- If you want to get a manager fired: Hire a lawyer. The company will make you jump through hoops and take months of “investigation” before deeming it necessary to fire a manager unless they’ve done something severely punishable like committed sexual assault. And even in those cases, they will AGAIN, ask you to prove it, right before getting the company lawyer on his side. So if you want something done because you feel the circumstances deem it necessary, go directly to a lawyer. They’ll be able to deal with the company on your behalf and likely have more power to ask for computer records, IM exchanges, badge scans, etc. to prove your side of the story.
- If you want a different environment: Talk to your manager. It’s difficult to have these types of conversations, but it proves you’re a mature adult. I had biweekly chats with my offending manager to let him know how I felt about the way he treated me and addressed me. Though he didn’t admit any wrongdoing, it helped us get on better footing regarding his expectations of what I was doing, so that we could avoid his bursts of anger altogether. When I no longer felt like playing the submissive wife, and got tired of the fear that would take over me every time he walked near my cubicle or sent me an email, I brought the situation up to a trusted mentor and she suggested HR. I was still not convinced, but then when he became more aggressive in his IMs and rude in his response of anything I asked, another mentor suggested the same thing. HR didn’t help, but I was happy to be able to say that yes, I had talked to him first about my concerns, the passive aggressive emails, and the outright rude IMs–with no type of response from him, and in some cases, even lies. A manager can also help address conditions in your environment such as salary, policies, and training which you feel you’re being overlooked for because you’re pregnant, a person of color, or older. If you feel comfortable enough to discuss these things, go for it!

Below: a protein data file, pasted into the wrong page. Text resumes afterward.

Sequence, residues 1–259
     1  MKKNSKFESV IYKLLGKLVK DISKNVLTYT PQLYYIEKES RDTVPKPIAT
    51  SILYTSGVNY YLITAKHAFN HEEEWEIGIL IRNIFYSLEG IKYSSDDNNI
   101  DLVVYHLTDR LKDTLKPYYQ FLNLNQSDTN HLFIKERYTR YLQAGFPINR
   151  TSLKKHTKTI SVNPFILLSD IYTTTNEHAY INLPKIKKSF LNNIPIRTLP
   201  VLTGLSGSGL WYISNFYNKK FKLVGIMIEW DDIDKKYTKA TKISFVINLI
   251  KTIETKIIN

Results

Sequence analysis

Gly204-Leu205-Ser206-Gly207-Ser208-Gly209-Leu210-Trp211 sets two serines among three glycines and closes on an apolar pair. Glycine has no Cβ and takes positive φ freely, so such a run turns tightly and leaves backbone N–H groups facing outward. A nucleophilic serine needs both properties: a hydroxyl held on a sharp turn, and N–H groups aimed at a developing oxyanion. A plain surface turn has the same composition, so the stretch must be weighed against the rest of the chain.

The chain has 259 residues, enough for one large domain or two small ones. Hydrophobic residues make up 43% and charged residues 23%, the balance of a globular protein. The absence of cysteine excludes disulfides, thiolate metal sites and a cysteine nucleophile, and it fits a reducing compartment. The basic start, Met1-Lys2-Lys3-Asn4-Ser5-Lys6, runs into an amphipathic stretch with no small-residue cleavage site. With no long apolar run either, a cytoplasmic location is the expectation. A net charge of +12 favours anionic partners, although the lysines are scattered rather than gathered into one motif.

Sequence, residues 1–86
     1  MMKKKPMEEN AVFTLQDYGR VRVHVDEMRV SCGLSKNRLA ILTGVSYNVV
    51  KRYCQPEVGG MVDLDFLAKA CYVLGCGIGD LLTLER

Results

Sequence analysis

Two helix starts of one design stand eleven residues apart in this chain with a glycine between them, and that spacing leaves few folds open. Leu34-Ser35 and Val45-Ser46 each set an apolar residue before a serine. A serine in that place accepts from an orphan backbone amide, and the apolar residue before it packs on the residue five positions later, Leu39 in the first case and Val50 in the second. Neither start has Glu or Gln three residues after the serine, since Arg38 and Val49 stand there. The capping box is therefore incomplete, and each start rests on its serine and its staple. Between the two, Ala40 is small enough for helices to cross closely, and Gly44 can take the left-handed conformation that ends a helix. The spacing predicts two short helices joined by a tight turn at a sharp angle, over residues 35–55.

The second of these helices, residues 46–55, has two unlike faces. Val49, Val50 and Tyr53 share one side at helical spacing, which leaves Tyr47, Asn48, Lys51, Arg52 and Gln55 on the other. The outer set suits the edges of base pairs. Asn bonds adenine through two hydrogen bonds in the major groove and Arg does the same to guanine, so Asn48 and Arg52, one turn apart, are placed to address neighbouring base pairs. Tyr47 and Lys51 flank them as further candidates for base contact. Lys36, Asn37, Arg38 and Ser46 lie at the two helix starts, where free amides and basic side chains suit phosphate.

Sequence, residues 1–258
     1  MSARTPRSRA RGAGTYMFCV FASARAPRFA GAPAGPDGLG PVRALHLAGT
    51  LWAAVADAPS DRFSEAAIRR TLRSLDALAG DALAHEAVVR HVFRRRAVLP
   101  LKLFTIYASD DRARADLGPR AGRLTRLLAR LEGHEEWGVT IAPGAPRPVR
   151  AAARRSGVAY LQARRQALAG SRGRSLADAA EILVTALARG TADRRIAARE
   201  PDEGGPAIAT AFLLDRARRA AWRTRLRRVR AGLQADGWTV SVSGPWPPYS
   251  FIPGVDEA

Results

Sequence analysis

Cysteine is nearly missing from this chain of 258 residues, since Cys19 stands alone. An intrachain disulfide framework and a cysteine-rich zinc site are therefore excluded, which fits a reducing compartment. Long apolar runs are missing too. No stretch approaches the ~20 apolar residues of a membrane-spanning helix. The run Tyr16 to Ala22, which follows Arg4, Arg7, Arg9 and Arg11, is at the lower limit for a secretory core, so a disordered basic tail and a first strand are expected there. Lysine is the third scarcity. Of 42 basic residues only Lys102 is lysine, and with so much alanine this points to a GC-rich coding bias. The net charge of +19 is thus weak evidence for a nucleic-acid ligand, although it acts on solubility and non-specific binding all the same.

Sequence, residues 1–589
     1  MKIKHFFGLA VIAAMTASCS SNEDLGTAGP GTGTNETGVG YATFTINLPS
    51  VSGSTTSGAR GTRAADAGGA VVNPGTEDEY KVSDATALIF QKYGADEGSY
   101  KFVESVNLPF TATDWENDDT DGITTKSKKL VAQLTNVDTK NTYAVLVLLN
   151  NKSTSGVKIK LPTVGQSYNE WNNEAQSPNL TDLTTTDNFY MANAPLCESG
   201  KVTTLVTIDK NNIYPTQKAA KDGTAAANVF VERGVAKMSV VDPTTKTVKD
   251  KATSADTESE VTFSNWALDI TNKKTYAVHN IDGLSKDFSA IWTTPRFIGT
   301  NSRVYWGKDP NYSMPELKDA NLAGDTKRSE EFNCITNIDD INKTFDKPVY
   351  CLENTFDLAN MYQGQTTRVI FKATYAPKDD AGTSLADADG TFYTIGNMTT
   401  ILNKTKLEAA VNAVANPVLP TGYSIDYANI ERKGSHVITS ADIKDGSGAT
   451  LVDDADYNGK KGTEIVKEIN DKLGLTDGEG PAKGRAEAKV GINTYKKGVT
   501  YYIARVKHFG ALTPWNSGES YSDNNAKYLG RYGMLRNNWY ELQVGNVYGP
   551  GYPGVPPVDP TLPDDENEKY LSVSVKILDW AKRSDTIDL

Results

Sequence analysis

- If you want a different manager: Switch jobs. Though some of you may think you have a case to get switched to a different manager because of how yours behaves or treats you, it’s often not that easy. This isn’t McDonald’s where you can ask them to make you another burger, or Applebee’s, where you can ask to be seated at a new table if yours is dirty. There are organizations with set positions in place, and regardless of how childish or inappropriate someone acts, they can’t just bend rules or create the entire hierarchy to suit your needs. The most I’ve heard is that they’ll train managers who are not meeting the expectations of their role, whatever that means. All I know is that’s code for, “You’re stuck with this manager until you leave this role, so let’s see what we can do to make you both get along.” I tried my best to get along with the aforementioned for months before I felt like a battered victim and started doubting everything about myself because he taunted me saying, “What will others think of you if you do x, y, z?” Everything I did or wanted to do, even if it was taking on more leadership, or WEARING HEADPHONES on a trip, had to be approved by him, like I was his doll. When he yelled during our meeting with HR and this woman literally did nothing to even make him aware that this type of response is exactly why he was in a meeting with her, I realized my time with him had expired. I needed to get out or continue to lose parts of myself at the expense of the company’s “business needs” since I was damn good at what I did, yet getting kicked down and spit on everyday by a man who obviously had some issues to work through. So yeah, I took matters in to my own hands, and left.